|Tallest in Seattle from 1911 to 1914[I]|
|Preceded by||Alaska Building|
|Surpassed by||Smith Tower|
|Address||705 Second Avenue|
|Named for||James D. Hoge, Jr.|
|Roof||205 feet (62 m)|
|Design and construction|
|Architect||Bebb & Mendel|
|Architect||Bebb & Mendel|
|NRHP reference No.||83003339 |
|Added to NRHP||April 14, 1983|
|Designated SEATL||September 10, 1984|
The Hoge Building is a 17-story building constructed in 1911 by, and named for James D. Hoge, a banker and real estate investor, on the northwest corner of Second Avenue and Cherry Street in Seattle, Washington. The building was constructed primarily of tan brick and terracotta built over a steel frame in the architectural style of Second Renaissance Revival with elements of Beaux Arts. It was the tallest building in Seattle from 1911 to 1914 with the completion of Smith Tower.
The site of the Hoge building, at 705 Second Avenue, was the location of the cabin of Carson Boren, reputedly the first white man's house in what was to become Seattle. The cabin was later replaced by a row of 1 and 2 story shops facing Cherry Street which would all be destroyed by the Great Seattle fire. Hoge's uncle, John Hoge, a wealthy businessman of Zanesville, Ohio purchased the site soon after the fire and erected a three-story brick building to house his company: Washington Territorial Investment Company, The Seattle Post-Intelligencer, Washington National Bank, and several other small businesses. Hoge would form Union Trust & Savings Bank (later renamed Seattle Trust Bank and merged with Seafirst Bank) in 1903 which would become the ground-floor tenant of his new building.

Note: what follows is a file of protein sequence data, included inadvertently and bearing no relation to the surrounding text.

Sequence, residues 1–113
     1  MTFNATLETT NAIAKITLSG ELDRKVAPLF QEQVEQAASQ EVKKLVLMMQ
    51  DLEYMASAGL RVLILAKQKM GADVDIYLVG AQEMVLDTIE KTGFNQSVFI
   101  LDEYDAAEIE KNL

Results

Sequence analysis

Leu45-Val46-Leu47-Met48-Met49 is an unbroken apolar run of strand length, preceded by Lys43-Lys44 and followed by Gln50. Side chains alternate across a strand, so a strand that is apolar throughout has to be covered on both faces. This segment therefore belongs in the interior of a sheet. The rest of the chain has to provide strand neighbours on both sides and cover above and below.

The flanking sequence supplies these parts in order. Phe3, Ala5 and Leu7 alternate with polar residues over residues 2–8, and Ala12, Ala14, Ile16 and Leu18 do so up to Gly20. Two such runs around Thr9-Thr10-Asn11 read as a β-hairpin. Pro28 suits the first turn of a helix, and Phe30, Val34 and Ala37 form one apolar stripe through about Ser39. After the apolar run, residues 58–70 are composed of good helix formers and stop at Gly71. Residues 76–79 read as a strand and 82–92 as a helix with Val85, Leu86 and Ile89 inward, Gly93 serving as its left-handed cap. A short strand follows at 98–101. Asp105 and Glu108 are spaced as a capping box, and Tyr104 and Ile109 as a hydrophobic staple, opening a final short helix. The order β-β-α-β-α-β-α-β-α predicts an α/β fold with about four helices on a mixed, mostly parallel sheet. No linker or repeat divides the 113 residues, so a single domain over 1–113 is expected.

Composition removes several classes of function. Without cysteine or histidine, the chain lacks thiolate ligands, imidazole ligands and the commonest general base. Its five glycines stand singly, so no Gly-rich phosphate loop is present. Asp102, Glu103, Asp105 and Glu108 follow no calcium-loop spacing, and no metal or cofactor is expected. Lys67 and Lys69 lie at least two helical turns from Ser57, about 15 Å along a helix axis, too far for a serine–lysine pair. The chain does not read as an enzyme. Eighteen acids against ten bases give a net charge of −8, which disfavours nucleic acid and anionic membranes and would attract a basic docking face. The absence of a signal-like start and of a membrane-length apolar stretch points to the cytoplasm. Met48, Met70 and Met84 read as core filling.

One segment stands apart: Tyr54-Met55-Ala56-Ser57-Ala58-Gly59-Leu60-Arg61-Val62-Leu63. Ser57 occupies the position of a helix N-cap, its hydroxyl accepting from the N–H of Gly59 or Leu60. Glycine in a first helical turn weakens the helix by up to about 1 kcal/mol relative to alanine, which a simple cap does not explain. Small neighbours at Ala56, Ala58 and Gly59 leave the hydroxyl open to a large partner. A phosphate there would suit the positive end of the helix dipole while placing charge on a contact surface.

Hoge commissioned the architectural firm of Charles Bebb and Louis Mendel to design the building. Construction began in March 1911. The steel frame of the building was constructed at an amazing pace, with all 18 stories completed in 30 days, a feat which broke all records at the time. Reportedly, the building was designed with special concern by the architects for seismic events as a result of the 1906 San Francisco earthquake.
One of the last branches of Dexter Horton Bank was housed in the building in 1991 after being moved from its own building. The ground floor previously contained a Bank of America branch but as of January 2020, the commercial space is vacant. The building was owned by the Hoge family until being sold in 1986.
- "National Register Information System". National Register of Historic Places. National Park Service. January 23, 2007.
- "Landmarks and Designation". City of Seattle. Retrieved 2013-03-04.
- Hoge Building at Emporis
- Bagley, Clarence (1916). History of Seattle. vol. II. Chicago: S.J. Clarke Publishing Co. OCLC 7372062. Cite has empty unknown parameter:
- Fire Insurance Map of Seattle, Washington Territory. (First edition). New York: Sanborn Map and Publishing Company, 1888
- Richard Buck (17 May 1991). "Banking in Grand Old Style Ends". The Seattle Times.
- Polly Lane (6 February 1986). "Landmark Hoge Building Sold". The Seattle Times. p. F6.
- Ochsner, Jeffrey Karl (1994). Shaping Seattle Architecture: A Historical Guide to the Architects. Seattle: University of Washington Press. ISBN 0-295-97365-X.
- Kreisman, Lawrence (1985). Historic Preservation in Seattle (First ed.). Seattle: Historic Seattle Preservation and Development Authority. OCLC 12824826.
|Wikimedia Commons has media related to Hoge Building, Seattle.|
- Hoge Building Nomination form for The National Register of Historic Places, 1979.